VATICAN CITY (LifeSiteNews) — Cardinal Luis Antonio Tagle has praised the Vatican-Beijing agreement while downplaying the suffering of Chinese Catholics.
Tagle’s sunny view featured in an interview with Gianni Valente, director of the Fides news agency, which is controlled by the Vatican. The concordat allows the Chinese Communist Party to choose Catholic bishops, and the Filipino cardinal argued in the interview that the purpose for the agreement is “to safeguard the valid apostolic succession.”
“With the Agreement attempts are made to ensure that Chinese Catholic bishops can exercise their episcopal task in full communion with the Pope,” Tagle said. “The reason for everything is to safeguard the valid apostolic succession and the sacramental nature of the Catholic Church in China. And this can reassure, comfort, and enliven baptized Catholics in China.”
Tagle did not mention that the six new bishops are all members of the CCP and had been invalidly and illicitly exercising their “episcopal ministry” for years in the Communist State Church prior to Rome’s agreement to acknowledge them by validly ordaining them. Nor did he mention the fact that these bishops have wives and children and, as minsters of the State Church, answer directly to communist authorities about ecclesiastical affairs.
Instead, the cardinal depicted the concordat as a matter of “listening” to the Chinese government. He did not even acknowledge that this government is atheistic and totalitarian and has unscrupulously persecuted and killed Christians for three quarters of a century.
Tagle also ignored the sharp criticisms of China’s most senior member in the Church hierarchy, Cardinal Joseph Zen, who has called the agreement a “betrayal” of the suffering Church in China and a rejection of the witness of so many martyrs who refused to bow to the CCP in their decades-long attempts to control the Church.
Asked how he saw the progress made and the effects of the agreement, Tagle responded, “The Holy See, listening to the Chinese government and also to bishops, priests, religious, and laity, becomes more aware of this reality, where fidelity to the Pope has been preserved even in difficult times and contexts, as an intrinsic datum of ecclesial communion.”
The cardinal believes that listening and dialogue will bring about a mutual understanding so that the CCP will eventually “understand more easily what we really care about,” as if this were the first time the Church has had to deal with an atheistic communist regime that has established a state church, and as though the CCP honestly seeks to understand and cooperate with the Church rather than control it.
“Listening to the arguments and objections of the government also leads us to take into account the contexts and the ‘mindset’ of our interlocutors,” Tagle said. “We discover that things that are absolutely clear and almost obvious to us can be new and unknown to them.”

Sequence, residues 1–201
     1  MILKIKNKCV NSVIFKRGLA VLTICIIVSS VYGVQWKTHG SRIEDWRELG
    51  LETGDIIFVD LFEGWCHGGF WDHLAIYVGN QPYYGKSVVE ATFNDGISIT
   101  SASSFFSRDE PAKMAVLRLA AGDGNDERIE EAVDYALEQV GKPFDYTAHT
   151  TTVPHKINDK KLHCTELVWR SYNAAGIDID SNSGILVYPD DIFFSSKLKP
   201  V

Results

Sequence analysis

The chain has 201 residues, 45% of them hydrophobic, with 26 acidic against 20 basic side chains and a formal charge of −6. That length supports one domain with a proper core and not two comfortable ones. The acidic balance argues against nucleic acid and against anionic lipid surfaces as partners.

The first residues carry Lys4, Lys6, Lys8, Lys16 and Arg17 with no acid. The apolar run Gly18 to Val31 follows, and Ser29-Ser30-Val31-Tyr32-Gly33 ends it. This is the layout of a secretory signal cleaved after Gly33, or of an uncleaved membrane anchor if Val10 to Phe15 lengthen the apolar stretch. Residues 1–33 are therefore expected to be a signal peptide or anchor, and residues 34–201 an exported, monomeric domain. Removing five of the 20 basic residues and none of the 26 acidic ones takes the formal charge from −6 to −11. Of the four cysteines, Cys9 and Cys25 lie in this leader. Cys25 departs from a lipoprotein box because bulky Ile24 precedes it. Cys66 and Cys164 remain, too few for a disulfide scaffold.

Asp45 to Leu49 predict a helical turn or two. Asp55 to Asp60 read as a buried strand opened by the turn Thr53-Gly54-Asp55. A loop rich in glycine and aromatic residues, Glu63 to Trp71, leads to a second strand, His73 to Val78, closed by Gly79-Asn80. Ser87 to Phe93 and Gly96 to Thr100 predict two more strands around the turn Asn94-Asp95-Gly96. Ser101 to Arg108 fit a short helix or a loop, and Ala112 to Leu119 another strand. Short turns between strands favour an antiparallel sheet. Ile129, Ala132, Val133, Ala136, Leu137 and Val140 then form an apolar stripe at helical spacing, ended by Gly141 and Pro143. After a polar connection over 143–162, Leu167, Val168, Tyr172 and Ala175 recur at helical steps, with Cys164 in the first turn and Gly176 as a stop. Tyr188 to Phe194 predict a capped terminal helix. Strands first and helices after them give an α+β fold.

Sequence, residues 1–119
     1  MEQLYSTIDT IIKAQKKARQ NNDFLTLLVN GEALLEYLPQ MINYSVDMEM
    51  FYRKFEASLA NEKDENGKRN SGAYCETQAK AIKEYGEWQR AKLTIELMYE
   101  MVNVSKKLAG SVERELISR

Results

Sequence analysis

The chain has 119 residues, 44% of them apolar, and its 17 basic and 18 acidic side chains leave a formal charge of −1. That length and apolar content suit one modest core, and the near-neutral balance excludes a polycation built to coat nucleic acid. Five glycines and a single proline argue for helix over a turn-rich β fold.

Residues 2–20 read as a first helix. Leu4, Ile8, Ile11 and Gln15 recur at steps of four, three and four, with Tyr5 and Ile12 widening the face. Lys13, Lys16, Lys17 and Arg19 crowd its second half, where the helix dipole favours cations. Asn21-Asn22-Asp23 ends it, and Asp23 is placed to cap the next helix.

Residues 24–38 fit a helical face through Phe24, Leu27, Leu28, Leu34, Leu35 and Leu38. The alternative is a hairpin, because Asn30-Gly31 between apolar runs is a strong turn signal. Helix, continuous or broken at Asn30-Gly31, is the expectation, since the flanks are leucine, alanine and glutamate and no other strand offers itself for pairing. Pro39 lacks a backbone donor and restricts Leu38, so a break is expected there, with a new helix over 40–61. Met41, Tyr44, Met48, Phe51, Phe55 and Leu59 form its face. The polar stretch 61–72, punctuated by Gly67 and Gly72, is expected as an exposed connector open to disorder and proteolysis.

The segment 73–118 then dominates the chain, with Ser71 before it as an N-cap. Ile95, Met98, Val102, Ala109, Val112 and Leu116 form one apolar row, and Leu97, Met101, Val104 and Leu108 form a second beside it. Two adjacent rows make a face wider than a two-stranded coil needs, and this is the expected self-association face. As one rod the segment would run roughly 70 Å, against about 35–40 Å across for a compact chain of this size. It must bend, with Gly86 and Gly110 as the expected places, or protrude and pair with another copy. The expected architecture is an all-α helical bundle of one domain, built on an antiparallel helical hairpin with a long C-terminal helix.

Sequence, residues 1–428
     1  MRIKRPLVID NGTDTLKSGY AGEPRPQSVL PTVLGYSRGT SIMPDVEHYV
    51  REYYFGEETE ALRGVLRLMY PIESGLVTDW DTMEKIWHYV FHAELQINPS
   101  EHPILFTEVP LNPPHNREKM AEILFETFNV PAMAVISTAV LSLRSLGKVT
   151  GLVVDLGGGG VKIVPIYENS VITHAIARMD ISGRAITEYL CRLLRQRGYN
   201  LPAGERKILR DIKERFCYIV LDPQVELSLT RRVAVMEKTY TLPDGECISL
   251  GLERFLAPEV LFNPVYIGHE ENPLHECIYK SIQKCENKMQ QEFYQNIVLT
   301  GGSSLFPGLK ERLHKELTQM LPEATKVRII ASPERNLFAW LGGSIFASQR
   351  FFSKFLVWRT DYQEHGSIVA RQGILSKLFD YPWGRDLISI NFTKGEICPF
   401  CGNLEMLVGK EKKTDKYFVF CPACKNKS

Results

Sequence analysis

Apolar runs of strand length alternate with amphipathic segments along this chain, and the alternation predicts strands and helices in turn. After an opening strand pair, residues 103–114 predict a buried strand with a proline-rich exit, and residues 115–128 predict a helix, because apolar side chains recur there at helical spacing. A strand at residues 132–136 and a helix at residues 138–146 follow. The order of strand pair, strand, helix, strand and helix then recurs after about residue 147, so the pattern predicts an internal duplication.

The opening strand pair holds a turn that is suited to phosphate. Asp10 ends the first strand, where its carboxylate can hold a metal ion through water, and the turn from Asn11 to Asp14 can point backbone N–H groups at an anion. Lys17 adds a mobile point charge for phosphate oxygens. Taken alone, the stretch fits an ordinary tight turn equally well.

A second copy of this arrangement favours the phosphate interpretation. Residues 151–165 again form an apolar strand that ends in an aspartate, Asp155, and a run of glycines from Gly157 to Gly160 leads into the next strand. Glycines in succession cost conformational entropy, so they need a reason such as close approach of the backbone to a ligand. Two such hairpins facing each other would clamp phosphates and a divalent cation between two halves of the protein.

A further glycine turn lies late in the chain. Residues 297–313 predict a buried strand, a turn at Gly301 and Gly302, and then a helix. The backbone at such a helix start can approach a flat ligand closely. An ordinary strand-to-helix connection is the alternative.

Asked “What does the Holy See truly have at heart?”, the cardinal replied the Vatican wanted “good Chinese Catholic bishops,” without describing or explaining what he considers makes a man a good bishop. Apparently, he thinks it possible to be a good shepherd of Christ’s flock while currying favor with those who trample upon the faith of that very flock by curtailing access to the sacraments, silence priests who preach the Gospel, imprison bishops, and kill countless Christians for faith in Christ.
“The intent of the Holy See is only to favor the choice of good Chinese Catholic bishops, who are worthy and suitable to serve their people,” Tagle claimed. “But favoring choices of worthy and suitable bishops is also in the interest of national governments and authorities, including Chinese ones.”
Whether Catholics having good bishops lies in the perceived interest of an atheistic communist regime, or why the CCP has imprisoned for decades the most courageous of China’s underground Catholic bishops, the cardinal did not elaborate. Or perhaps the bishops the CCP has killed or imprisoned were not good bishops because they unapologetically preached Jesus Christ? Tagle might have a hard time explaining to the underground Church, which has similarly suffered at the hands of the CCP, how the preferred bishops of the communists are worthy and suitable bishops.
When Tagle was asked about the Chinese Communists’ persecution of the Church, he again brushed over the reality of the government’s increased brutality toward Christians, claiming the faithful understand and are grateful to Rome for its concessions to Beijing.
When asked if there’s wasn’t a risk of “hiding the problems under the veil of a prior optimism,” Tagle responded:
The Holy See does not ignore and does not even minimize the differences of reactions among Chinese Catholics in the face of the agreement, where the joy of many is intertwined with the perplexities of others. It is part of the process. But one always has to dirty one’s hands with the reality of things as they are. Many signs attest that many Chinese Catholics have grasped the inspiration followed by the Holy See in the ongoing process. They are grateful and comforted for a process that confirms before all their full communion with the Pope and the universal Church.
By “dirtying one’s hands,” Tagle seems to allow even for the mortal sin and scandal of registering with the CCP and agreeing to the tenets of the party, which include the denial of God’s existence and the oath of loyalty to the CCP. The Vatican itself has instructed priests to register with the party, and when objections were publicly voiced, Cardinal Parolin said it was permissible for a Catholic to pronounce the words of the oath and to intend something different in his mind. Apparently, Parolin does not know the definition of perjury or does not care. Nor does Tagle consider that under the guise of a platitude he has justified the sin of apostasy. A man cannot be a member of the Chinese Communist Party in good standing and at the same time be a good Catholic.
These cardinals would do well to consider that the Church already has her examples of heroic holiness in the countless martyrs who refused to take an oath offensive to God or repugnant to faith. The martyrdoms of St. Thomas More and Bishop John Fisher did not entail the “dirtying of one’s hands” proposed by our new and more enlightened cardinals, but the firm rejection of an oath demanded by the civil authority against a basic tenet of faith.